Household savings rate back at pre-pandemic level

Disposable income shrank by 11% in first three months of 2023, says CSO

Households in the Republic saved less money in the first three months of the year than during the pandemic as disposable incomes and wages shrank amid rampant consumer price inflation.

New data from the Central Statistics Office (CSO) shows that households saved €1 for every €7.14 they spent in the first quarter, a savings rate of 14 per cent. This represents a steep decline from the average 20 per cent rate that prevailed during the Covid-19 pandemic, which triggered a spike in saving. Irish households placed an extra €16 billion on deposit during the Covid crisis, bringing the total to a record €148.6 billion by the end of 2022, according to the most recent Central Bank figures.

But the 14 per cent saving rate observed in the first quarter of 2023 is broadly “similar to the profile of spending and saving in 2019″, said Peter Culhane, a statistician in the national accounts and globalisation division of the CSO.

Overall, the decline in savings in the first quarter was triggered by a two percentage point rise in the Consumer Price Index (CPI) from the start of the year to the end of March, he said. While higher prices “drove higher spending” by households, consumers also bought more goods and services in the first quarter, Mr Culhane said.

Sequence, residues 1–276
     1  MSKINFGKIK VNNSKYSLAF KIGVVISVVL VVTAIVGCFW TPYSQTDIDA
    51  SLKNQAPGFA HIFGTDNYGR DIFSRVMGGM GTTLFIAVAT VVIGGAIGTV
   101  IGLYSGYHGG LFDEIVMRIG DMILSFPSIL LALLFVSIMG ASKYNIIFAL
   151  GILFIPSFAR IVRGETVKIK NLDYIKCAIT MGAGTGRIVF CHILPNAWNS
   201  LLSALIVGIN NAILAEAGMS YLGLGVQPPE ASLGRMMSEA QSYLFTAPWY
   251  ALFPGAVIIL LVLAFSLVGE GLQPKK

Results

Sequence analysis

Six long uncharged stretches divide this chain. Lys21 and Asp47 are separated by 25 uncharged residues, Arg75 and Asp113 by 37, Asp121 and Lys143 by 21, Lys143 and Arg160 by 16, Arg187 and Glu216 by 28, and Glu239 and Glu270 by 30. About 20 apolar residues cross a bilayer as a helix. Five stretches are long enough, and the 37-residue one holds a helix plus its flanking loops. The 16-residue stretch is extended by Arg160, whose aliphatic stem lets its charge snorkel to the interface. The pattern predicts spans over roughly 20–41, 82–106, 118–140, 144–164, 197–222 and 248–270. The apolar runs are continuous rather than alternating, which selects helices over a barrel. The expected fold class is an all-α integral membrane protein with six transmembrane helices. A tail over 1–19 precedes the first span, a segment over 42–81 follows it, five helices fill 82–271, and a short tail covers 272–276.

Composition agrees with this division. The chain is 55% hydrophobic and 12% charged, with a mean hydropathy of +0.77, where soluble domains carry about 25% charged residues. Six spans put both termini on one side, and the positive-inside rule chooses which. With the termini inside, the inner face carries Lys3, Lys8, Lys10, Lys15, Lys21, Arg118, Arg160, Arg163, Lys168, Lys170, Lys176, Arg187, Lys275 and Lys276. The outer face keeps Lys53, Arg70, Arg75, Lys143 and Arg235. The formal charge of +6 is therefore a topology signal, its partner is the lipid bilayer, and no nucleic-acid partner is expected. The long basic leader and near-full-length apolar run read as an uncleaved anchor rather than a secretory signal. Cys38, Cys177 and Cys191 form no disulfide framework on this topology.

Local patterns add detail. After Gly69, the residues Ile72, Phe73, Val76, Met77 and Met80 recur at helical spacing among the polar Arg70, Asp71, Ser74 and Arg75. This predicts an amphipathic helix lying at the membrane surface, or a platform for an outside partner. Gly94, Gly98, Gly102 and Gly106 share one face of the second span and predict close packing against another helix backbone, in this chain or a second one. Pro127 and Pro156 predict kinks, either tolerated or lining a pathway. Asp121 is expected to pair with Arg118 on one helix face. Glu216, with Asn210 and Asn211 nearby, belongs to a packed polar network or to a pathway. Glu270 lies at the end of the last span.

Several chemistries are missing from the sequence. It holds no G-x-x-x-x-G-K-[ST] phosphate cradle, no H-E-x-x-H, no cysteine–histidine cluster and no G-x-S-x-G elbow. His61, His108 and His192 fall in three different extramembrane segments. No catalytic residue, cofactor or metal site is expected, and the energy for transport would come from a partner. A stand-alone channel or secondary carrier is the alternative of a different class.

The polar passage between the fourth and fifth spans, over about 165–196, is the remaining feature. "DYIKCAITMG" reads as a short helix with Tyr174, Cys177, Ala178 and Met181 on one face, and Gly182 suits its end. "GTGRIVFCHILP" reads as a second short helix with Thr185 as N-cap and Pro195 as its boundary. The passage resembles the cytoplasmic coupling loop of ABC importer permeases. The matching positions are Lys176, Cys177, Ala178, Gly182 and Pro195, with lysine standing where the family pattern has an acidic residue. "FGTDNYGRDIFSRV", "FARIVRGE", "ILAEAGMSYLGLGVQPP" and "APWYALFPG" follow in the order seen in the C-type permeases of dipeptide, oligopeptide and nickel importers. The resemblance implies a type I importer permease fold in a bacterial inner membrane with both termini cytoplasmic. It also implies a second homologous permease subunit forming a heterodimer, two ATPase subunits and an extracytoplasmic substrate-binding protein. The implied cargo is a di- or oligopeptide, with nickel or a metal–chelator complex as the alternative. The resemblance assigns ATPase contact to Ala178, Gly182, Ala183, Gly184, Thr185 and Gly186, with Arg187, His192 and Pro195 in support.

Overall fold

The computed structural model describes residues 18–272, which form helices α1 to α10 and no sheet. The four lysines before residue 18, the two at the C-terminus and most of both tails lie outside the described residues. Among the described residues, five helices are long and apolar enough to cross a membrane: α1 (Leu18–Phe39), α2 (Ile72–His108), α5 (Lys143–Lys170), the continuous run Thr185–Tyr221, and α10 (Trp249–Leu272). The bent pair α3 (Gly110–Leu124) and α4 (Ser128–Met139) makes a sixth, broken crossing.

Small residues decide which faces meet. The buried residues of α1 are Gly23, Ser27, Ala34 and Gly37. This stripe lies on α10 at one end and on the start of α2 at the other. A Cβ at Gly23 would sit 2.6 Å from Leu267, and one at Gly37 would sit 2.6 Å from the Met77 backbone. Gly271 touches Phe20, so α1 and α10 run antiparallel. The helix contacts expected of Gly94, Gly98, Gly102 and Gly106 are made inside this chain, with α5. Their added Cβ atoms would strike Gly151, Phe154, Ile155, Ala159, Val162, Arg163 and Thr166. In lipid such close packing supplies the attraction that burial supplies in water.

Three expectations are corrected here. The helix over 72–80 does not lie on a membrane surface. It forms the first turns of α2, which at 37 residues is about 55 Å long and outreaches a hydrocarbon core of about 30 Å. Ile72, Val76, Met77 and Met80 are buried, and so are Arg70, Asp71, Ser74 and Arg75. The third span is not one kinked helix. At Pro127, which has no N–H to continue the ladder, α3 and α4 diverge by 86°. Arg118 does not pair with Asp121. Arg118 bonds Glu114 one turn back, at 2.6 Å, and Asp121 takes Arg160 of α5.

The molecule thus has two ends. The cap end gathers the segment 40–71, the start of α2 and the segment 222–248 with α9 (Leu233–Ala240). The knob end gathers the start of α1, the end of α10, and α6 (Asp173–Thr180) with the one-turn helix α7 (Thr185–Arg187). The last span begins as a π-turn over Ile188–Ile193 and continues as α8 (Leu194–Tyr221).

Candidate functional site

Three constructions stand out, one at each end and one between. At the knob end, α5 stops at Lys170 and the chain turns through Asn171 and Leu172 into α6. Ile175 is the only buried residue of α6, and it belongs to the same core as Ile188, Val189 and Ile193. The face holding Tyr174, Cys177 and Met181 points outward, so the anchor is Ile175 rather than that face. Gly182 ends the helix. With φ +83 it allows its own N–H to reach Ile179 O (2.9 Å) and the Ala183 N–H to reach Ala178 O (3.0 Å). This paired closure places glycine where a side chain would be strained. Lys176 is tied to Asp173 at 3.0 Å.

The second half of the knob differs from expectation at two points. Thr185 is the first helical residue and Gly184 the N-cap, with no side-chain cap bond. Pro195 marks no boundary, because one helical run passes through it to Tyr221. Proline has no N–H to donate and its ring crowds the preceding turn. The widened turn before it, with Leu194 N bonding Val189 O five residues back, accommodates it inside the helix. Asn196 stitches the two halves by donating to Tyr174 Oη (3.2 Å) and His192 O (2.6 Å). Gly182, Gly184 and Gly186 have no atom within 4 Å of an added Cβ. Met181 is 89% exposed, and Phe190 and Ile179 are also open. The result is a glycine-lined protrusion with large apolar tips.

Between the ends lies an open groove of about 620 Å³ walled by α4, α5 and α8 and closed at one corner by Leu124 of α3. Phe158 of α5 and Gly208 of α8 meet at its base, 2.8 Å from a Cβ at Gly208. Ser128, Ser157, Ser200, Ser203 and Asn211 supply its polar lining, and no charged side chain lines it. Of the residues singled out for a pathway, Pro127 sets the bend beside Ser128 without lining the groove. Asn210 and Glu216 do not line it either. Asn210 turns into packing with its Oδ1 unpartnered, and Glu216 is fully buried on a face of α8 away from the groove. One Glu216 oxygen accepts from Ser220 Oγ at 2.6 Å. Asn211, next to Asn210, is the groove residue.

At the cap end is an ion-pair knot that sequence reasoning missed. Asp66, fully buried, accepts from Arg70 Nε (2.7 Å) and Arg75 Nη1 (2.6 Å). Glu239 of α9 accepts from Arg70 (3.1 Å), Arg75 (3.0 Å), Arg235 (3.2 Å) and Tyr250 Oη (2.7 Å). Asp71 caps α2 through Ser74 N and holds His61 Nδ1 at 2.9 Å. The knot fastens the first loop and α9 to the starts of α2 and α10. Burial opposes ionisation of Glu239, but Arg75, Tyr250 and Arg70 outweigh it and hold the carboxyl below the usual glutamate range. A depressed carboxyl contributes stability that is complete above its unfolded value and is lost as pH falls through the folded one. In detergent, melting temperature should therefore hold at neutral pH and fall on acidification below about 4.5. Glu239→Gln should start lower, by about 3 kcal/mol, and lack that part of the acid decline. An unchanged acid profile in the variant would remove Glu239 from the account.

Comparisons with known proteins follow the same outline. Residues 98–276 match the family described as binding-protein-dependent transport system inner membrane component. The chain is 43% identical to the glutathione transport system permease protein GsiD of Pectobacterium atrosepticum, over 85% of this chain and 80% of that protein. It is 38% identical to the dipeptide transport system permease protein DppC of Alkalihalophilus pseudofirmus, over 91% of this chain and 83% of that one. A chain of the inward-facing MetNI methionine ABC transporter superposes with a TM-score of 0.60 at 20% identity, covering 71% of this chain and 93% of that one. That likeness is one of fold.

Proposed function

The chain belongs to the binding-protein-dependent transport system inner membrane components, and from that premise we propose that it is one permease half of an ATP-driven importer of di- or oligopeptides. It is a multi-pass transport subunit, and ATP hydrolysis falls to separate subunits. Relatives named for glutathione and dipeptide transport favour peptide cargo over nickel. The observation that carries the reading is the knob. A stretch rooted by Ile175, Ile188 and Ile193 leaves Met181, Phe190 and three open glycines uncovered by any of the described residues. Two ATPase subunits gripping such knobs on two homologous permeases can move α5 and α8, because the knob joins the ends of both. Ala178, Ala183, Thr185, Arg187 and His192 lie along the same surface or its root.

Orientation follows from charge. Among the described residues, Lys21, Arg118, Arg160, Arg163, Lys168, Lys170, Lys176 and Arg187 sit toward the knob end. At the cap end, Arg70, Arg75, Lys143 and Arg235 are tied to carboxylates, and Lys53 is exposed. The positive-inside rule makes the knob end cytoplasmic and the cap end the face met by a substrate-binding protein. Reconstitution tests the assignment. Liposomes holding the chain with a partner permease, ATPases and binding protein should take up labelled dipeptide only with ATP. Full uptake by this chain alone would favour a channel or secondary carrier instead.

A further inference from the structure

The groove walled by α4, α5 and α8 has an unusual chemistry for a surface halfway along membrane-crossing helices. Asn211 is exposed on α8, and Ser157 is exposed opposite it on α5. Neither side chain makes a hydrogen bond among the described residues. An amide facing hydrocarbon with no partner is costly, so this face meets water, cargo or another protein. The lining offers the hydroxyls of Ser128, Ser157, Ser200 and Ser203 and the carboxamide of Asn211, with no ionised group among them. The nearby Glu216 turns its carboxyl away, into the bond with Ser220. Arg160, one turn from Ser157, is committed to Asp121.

At the same time, wages and salaries were down slightly in the quarter. Disposable incomes, meanwhile, declined 11 per cent over the three-month period as inflation eroded consumer purchasing power.

“Overall, household income is still higher than consumption, and households are still adding to their considerable deposits, they are just adding to wealth at a slower rate,” he said.

Irish households have experienced a sharp downturn in living standards over the past year against the backdrop of soaring global inflation.

OECD figures published in April showed that while the average pretax wage in the Republic rose by 4.8 per cent to €54,649 last year, real earnings – how much money an individual makes after adjusting for inflation – still fell because of the high rate of inflation.

With inflation averaging 8.4 per cent last year, real wages were estimated to have decreased by 3.3 per cent, representing one of the biggest erosions in living standards here since the 2008 financial crisis.

Also on Thursday, CSO data showed that the State’s inflation rate fell for a third consecutive month in May on the back of falling transport and energy costs.

The agency said consumer prices, as measured by the CPI, rose at an annual rate of 6.6 per cent last month, down from 7.2 per cent in April. May was the 12th straight month where the annual increase in consumer prices was at least 5 per cent.

Ian Curran

Ian Curran

Ian Curran is a Business reporter with The Irish Times